The teaching about the weak and the strong in chapter 14 is put forward in view of the fact that they will soon have to stand before the judgment seat of God. So they should “not pass judgment on one another any longer” and should be careful not cause a brother to stumble. It is in this context that Paul states that the kingdom is “righteousness and peace and joy in the Holy Spirit”. At the end of the section, having affirmed in the words of Isaiah, that Jesus is the one who will arise to rule the nations, he prays that the God of hope will fill them with “all joy and peace in believing, so that by the power of the Holy Spirit you may abound in hope” (15:13).
So if the kingdom is in any sense already present as righteousness, peace and joy through the Holy Spirit, it is for the sake of a future moment, or moments, when YHWH will judge his people and Jesus will rule the nations.
He has delivered us from the domain of darkness and transferred us to the kingdom of his beloved Son, in whom we have redemption, the forgiveness of sins. (Col. 1:13–14)
This verse would appear to speak of the kingdom not as a future event or transformation of the political-religious status of God’s people but as a present spiritual reality. It may be, therefore, that Colossians has a more realized eschatology than the other Pauline texts. The Colossian believers have been qualified to share with the saints in the light of God as opposed to the darkness that covered the pagan world. But the “beloved Son”, nevertheless, is the one who will rule the nations, who will “bring forth justice to the nations” (cf. Ps. 2:7-9; Is. 42:1). To be part of Jesus’ kingdom now means to have “died” to the old world and to live for the sake of a different future, when—to paraphrase—the wrath of God will come upon the pagan oikoumenē, Christ will be revealed to the nations, and the Colossians will be vindicated and glorified with him (Col. 3:3-4, 6).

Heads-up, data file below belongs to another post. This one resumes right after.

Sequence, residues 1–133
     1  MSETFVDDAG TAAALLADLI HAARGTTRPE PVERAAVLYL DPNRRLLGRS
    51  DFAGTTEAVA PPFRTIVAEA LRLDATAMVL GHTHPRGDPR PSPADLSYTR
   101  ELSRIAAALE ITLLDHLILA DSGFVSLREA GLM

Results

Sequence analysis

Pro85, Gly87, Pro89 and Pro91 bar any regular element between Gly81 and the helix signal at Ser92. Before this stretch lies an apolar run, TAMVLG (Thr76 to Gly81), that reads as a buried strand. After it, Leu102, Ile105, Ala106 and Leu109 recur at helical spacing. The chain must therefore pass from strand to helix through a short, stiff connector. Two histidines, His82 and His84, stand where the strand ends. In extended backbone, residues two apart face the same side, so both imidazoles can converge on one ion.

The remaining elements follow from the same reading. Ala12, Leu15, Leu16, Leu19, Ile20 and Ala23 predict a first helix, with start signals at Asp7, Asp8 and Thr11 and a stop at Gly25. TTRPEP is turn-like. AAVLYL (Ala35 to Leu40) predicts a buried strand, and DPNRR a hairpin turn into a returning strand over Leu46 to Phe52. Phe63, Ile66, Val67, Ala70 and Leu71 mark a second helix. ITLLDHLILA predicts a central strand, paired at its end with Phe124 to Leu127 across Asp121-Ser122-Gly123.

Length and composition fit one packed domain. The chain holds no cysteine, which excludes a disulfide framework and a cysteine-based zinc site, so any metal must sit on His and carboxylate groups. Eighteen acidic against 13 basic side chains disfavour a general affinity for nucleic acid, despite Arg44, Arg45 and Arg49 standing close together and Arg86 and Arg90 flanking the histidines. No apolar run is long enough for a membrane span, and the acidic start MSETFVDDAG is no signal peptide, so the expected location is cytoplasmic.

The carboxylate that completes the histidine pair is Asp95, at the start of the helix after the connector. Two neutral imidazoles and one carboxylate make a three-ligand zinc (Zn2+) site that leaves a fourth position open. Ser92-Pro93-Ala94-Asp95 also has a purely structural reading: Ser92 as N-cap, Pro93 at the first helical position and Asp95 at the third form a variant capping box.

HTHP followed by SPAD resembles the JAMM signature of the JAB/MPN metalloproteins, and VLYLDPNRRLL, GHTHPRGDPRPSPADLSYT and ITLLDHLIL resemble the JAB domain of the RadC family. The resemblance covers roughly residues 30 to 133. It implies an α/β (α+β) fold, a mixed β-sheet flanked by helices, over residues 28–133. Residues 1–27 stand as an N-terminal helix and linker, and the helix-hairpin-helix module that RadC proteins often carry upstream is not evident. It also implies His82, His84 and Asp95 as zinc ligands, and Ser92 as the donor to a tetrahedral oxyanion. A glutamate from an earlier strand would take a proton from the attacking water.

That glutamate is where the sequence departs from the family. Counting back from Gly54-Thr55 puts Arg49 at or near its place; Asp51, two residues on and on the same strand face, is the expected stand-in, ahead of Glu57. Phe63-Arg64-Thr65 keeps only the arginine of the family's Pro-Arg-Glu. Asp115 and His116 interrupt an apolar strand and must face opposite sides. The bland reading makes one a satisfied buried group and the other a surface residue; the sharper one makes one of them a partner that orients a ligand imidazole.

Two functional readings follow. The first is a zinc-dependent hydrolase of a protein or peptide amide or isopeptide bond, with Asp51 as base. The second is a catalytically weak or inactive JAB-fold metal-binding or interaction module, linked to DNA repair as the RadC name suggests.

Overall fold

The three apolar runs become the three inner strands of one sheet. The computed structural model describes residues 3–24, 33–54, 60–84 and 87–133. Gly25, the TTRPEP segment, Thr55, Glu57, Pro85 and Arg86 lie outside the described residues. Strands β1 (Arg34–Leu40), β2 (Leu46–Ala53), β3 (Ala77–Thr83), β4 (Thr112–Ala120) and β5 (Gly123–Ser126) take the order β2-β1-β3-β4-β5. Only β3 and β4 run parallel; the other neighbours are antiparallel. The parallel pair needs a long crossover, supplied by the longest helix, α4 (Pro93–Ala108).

Truly, I say to you, whoever does not receive the kingdom of God like a child shall not enter it. (Lk. 18:17)
Paul K. asks, finally, about a number of passages in which Jesus speaks about entering the kingdom of God. I have argued that the kingdom language in the New Testament has to do mostly with a coming climactic event, but here we appear to have the thought of the kingdom as a spiritual space. Jesus tells Nicodemus that he needs to be “born again” or “born of water and the Spirit” in order to “enter the kingdom of God” (Jn. 3:3-5).
Jesus tells the Jews that their righteousness must exceed that of the scribes and Pharisees if they wish to enter the kingdom of heaven (Matt. 5:20). Only those who do the will of the Father or who become like children will enter the kingdom of heaven (Matt. 7:21; 18:3; Mk. 10:15; Lk. 18:17). It will be very difficult for the wealthy to enter the kingdom of heaven (Matt. 19:23-24; Mk. 10:23-25; Lk. 18:24-25). It is better for Jews to enter the kingdom of heaven maimed than to suffer the coming catastrophe of war and destruction—which is what I think Jesus is talking about when he speaks of being thrown into Gehenna (Mk. 9:47).
The point, presumably, is that impending dramatic, climactic events introduce a new state of affairs, when Jesus reigns at the right hand of God, for the sake of the people of God, until the last enemy is destroyed. To enter the kingdom is to become part of this new régime.